Hailed as an “example for Africa”, the decision by the Kenyan Supreme Court to cancel the results of last month’s presidential election and call for a new vote within 60 days has presented the country with a mammoth challenge.
In a stunning move, the court declared on Friday that President Uhuru Kenyatta’s reelection on August 8 was “invalid, null and void”, pointing to widespread irregularities in the electronic transmission of vote results.
A day after the historic ruling, Kenya's main newspapers praised the unexpected decision as a welcome sign of the judiciary’s independence, and evidence of a maturing democracy.
"Kenyans have struggled for decades to institutionalise the rule of law. We have fought, shed blood, lost lives and property in search of constitutional order," wrote the Nation in an editorial.
Referring to the court ruling as a “Supreme Bombshell”, Kenya’s leading daily said it “signaled the end of the era of impunity that has painfully assailed this country for too long."
Another editorial, in the Star, said the decision would “reverberate for years to come in Kenya and around the continent".
But the press also warned that the momentous decision would plunge the country into uncertainty in the weeks to come.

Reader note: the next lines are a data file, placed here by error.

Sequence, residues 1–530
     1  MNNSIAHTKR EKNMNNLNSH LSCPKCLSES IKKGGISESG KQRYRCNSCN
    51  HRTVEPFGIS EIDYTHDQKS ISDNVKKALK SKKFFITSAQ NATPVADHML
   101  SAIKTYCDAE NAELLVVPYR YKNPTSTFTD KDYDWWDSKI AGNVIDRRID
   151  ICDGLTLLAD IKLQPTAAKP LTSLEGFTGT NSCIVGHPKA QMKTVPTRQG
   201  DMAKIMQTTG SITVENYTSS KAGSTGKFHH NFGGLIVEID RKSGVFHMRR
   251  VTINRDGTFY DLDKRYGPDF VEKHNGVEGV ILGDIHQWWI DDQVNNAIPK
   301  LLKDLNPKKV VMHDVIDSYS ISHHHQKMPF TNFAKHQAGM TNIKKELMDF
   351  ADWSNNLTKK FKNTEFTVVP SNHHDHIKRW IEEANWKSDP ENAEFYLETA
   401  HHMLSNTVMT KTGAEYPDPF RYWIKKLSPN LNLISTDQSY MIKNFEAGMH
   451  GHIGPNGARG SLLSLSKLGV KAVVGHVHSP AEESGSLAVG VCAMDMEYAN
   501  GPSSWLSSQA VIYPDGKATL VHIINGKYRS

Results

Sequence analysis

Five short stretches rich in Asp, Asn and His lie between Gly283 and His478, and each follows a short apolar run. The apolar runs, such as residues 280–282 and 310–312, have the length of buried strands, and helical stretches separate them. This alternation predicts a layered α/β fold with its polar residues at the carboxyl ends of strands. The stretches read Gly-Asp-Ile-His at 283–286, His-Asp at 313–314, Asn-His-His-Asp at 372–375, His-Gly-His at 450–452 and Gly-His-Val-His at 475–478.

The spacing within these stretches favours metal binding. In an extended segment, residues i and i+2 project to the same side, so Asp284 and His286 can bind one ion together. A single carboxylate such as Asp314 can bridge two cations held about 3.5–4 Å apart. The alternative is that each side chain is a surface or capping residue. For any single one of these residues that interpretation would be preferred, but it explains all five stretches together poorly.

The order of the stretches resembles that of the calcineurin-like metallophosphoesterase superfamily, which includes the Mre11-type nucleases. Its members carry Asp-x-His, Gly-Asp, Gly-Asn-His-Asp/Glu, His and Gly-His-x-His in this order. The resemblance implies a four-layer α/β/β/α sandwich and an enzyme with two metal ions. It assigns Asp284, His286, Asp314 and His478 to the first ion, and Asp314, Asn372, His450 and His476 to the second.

"What Kenya needs most now is an election conducted in a legal, fair and transparent manner," wrote the Standard, for whom the country’s Independent Electoral and Boundaries Commission (IEBC) must “clean up house”.
"How [the commission] will conduct the next elections in the next 60 days is unimaginable," added the Nation. “[I]ts credibility has been severely dented and the public has lost confidence in it."
Race against time
The Supreme Court’s decision marks a stunning victory for veteran opposition leader Raila Odinga, who claims the election was rigged in Kenyatta’s favour,
Chief Justice David Maraga said the IEBC had been responsible for "irregularities and illegalities" which "affected the integrity of the election". But until the court's full ruling is released in three weeks, it is unclear what the judgment is based on.
Analysts have lamented the wait, noting that the court's final statement is likely to influence how the election is carried out, and by who.
"They've made one of the most important decisions in Kenyan history, and it's going to be 21 days before we find out why," said Nic Cheeseman, a professor of African politics at the University of Birmingham.
"The reason why this election was not well run was because the IEBC had so little time to run it," Cheeseman told AFP. "And so now you have less time."
Odinga’s NASA party has already called for a complete overhaul of the IEBC, saying it has no faith in the commission’s current members. Given the time constraints, a partial reshuffle seems more likely.
“The legitimacy of the commission is now entirely called into question; it will have to be renewed, at least in part,” said Jean-Claude Felix-Tchicaya, an East Africa specialist at the Paris-based IPSE institute.